New book offers definitive account of Lindbergh kidnapping

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Through some incredibly persistent sleuthing, consultation with specialists in modern criminal investigative analysis, and a good dose of luck, author Robert Zorn has solved what has been correctly called “the crime of the century”: the Lindbergh kidnapping.

From that raw windy March night in 1932 when a homemade wooden ladder was leaned against the side of the new home in Hopewell, New Jersey of the most famous man in the world — Colonel Charles Lindbergh — and the 20-month-old son of Charles and Anne Lindbergh was kidnapped from his nursery on the second floor, this crime and its aftermath has captured the public imagination. Even with the execution of Bruno Richard Hauptmann in 1936, questions about the crime have continued to swirl around the case. Cemetery John answers all the open questions and at last exposes the two other men who planned and carried out this shocking crime. Upon publication on June 14, this book will be front-page news. In presenting his account of his investigation, Robert Zorn has written what will be considered the definitive book on the Lindbergh kidnapping.

The facts of the kidnapping are familiar — we know exactly what is going to happen — but in the author’s hands, the story unfolds with all the horror of the first time.

Young, handsome, and famous for making the first solo flight across the Atlantic, Charles Lindbergh was hounded by the paparazzi. He was the celebrity of his day. To escape the public glare, he and his wife had purchased 425 remote acres in the Sourland Mountains outside of Hopewell, New Jersey and there were building their home, Highfields, where they spent weekends as the work on the house was nearing completion. During the week, they lived with Anne’s widowed mother, Betty Morrow, in her large mansion in Englewood, New Jersey. Because their 20-month-old son Charlie was getting over a head cold, Charles and Anne decided to spend Monday night in the new home and delay their return to Englewood.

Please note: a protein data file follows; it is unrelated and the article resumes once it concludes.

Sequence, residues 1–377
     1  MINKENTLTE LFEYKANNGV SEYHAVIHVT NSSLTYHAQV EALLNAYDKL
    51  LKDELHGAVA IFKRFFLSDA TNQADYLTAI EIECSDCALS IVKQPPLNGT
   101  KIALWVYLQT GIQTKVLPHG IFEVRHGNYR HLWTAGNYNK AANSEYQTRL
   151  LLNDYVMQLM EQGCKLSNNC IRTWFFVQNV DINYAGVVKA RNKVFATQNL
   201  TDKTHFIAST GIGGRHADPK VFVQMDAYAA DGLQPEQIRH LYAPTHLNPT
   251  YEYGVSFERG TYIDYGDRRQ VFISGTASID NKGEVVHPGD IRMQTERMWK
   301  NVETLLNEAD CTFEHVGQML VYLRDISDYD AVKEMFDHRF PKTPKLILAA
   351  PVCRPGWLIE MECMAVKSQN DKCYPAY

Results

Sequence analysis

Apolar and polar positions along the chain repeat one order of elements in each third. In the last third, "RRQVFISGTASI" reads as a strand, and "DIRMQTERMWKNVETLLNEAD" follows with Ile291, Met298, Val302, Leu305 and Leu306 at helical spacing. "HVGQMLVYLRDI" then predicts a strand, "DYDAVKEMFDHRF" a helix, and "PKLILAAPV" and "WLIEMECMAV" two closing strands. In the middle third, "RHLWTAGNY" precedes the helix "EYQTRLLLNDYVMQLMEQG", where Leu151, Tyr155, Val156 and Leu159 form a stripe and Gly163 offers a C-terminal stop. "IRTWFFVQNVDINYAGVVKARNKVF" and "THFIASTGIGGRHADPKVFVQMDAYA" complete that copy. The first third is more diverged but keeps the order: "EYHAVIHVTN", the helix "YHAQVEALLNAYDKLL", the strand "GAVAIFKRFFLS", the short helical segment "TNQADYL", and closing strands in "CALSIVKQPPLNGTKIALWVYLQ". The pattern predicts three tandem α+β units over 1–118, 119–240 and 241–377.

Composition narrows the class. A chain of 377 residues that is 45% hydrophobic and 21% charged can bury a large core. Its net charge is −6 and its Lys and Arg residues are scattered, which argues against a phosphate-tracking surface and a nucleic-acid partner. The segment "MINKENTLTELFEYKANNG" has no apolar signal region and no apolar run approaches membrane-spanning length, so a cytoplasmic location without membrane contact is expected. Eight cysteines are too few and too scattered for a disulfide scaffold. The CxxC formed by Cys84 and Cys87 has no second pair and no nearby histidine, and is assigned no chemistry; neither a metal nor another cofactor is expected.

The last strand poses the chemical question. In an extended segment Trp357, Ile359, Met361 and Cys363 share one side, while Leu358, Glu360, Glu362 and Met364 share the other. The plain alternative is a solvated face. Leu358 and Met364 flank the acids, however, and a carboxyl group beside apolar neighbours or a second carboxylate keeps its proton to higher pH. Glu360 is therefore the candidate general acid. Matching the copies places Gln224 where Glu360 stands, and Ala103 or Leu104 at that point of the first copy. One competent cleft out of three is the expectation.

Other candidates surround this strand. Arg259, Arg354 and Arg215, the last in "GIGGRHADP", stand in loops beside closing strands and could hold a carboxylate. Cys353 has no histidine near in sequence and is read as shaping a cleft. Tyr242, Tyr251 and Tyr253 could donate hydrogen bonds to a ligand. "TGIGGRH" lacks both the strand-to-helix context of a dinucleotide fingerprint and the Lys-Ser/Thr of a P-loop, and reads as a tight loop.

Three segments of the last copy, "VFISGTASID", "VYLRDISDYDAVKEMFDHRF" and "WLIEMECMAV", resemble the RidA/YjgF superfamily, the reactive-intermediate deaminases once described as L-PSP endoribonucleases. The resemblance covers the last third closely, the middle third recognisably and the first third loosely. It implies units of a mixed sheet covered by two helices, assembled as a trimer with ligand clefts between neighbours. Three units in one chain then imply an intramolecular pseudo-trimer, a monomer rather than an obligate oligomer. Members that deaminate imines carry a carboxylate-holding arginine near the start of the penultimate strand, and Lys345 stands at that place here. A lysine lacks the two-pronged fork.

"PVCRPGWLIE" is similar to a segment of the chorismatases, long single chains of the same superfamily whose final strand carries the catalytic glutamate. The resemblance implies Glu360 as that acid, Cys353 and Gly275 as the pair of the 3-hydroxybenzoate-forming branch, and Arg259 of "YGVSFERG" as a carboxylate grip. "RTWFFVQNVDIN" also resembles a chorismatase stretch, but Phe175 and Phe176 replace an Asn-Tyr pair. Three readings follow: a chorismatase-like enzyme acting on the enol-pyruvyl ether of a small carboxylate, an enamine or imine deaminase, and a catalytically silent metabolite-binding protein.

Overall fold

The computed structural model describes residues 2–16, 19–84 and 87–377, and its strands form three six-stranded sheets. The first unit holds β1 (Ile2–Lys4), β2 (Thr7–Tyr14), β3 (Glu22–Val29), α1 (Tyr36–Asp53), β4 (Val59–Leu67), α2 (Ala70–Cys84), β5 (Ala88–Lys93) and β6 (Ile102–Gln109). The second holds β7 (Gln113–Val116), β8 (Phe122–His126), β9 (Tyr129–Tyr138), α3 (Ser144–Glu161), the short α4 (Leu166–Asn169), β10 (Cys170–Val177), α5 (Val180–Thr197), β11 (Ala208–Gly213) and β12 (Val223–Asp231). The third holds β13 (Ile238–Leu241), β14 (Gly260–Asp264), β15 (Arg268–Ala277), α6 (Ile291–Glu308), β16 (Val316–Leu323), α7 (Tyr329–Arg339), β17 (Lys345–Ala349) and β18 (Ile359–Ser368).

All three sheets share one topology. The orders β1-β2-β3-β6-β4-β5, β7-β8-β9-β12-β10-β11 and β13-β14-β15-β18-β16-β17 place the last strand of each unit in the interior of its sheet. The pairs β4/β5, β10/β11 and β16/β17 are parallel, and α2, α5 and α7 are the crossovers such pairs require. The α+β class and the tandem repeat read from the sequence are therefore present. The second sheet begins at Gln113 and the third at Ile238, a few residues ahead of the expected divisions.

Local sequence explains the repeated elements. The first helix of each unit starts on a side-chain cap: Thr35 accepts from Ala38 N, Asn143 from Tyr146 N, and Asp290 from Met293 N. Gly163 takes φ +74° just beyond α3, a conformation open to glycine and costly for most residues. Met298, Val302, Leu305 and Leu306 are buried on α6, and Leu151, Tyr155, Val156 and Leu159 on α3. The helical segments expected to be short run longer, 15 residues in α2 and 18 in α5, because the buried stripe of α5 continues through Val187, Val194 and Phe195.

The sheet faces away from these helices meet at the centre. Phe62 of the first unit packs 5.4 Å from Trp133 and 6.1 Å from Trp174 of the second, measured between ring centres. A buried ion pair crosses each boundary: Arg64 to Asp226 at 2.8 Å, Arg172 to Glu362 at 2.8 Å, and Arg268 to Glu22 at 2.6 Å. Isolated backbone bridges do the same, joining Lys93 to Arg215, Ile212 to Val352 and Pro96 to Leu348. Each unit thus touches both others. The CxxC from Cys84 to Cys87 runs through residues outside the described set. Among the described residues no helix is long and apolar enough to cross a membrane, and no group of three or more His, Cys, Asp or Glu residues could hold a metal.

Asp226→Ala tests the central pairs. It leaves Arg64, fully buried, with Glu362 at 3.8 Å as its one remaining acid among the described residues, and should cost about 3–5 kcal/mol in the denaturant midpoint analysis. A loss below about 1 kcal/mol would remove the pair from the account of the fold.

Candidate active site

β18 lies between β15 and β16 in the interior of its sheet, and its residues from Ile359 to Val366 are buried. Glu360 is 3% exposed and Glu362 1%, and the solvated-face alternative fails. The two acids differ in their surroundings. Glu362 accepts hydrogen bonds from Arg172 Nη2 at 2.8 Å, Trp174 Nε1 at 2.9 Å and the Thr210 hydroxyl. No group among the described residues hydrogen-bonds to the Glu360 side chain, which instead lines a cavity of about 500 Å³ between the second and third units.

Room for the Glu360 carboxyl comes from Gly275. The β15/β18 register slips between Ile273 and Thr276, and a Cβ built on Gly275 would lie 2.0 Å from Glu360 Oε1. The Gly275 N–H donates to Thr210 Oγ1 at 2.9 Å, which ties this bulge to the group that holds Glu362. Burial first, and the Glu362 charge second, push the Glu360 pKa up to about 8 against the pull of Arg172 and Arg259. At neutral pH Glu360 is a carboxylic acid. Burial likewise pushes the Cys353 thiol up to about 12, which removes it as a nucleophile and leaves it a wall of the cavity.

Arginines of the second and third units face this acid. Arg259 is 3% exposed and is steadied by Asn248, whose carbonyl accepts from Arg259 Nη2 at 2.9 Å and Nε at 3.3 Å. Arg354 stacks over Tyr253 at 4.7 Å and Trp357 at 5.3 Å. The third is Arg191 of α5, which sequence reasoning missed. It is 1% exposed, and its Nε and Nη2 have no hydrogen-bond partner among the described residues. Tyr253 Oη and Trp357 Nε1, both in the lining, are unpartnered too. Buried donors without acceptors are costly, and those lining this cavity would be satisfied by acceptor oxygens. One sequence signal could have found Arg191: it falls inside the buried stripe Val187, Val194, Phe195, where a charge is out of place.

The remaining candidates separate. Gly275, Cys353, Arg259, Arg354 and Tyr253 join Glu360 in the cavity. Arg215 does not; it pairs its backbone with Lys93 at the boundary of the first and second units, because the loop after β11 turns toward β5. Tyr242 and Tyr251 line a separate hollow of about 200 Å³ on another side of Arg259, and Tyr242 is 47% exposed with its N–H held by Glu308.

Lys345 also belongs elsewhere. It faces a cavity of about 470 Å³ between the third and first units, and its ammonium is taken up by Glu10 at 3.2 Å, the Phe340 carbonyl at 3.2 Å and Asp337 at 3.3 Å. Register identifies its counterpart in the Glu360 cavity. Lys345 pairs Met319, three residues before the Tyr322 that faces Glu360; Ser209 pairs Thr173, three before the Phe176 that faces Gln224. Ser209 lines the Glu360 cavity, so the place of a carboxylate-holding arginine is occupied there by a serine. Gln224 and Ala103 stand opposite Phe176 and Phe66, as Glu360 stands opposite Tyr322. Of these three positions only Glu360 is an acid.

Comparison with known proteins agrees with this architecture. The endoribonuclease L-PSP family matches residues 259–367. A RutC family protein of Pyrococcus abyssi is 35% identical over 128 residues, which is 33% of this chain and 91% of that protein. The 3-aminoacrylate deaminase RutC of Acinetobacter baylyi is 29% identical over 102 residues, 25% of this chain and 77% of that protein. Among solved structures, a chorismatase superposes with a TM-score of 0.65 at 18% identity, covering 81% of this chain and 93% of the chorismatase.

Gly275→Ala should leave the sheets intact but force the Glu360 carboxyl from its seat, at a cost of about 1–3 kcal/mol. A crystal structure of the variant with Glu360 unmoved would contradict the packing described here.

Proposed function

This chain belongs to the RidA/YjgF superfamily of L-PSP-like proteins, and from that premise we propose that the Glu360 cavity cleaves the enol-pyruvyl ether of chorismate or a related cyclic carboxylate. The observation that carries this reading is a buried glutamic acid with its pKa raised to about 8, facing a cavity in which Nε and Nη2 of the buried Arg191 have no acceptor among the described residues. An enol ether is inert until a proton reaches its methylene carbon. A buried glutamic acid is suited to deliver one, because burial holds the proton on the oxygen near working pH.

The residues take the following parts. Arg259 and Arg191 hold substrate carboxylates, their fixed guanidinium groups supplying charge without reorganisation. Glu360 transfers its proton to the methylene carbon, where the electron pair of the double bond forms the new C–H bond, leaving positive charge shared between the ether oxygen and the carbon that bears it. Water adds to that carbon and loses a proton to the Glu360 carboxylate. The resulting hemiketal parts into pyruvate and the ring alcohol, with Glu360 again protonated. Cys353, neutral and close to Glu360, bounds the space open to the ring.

On Tuesday, March 1, 1932, Charlie, as usual, was put to bed in his nursery on the second floor of the house at 7:00 p.m. A nurse checked on him at 8:00 p.m. Colonel Lindbergh arrived back home from New York City at 8:25. At 9:15, Lindbergh went into the library, directly below the nursery, to read. At 9:57, the nurse went to check on the baby again. The baby was gone. One of the windows in the nursery was open and on top of the windowsill was the envelope which contained the ransom note.

Clues abounded, every lead was followed, every demand met, but 72 days after the kidnapping the baby’s body was found in the woods within sight of “Highfields.” On September 15, 1934, a man paid for gas in Manhattan with a ten-dollar gold certificate that matched one of the serial numbers of the ransom money. The attendant wrote down the license plate, which the police tracked to Bruno Richard Hauptmann, who lived in the Bronx. There, in his second-floor apartment, they found in a notebook a penciled sketch of the ladder recovered outside the Lindbergh’s home, a tool set missing only a three-quarter chisel identical to the one found near the abandoned ladder, thousands of dollars more of the Lindbergh ransom money, and a wooden plank missing from his attic that matched a rail of the ladder.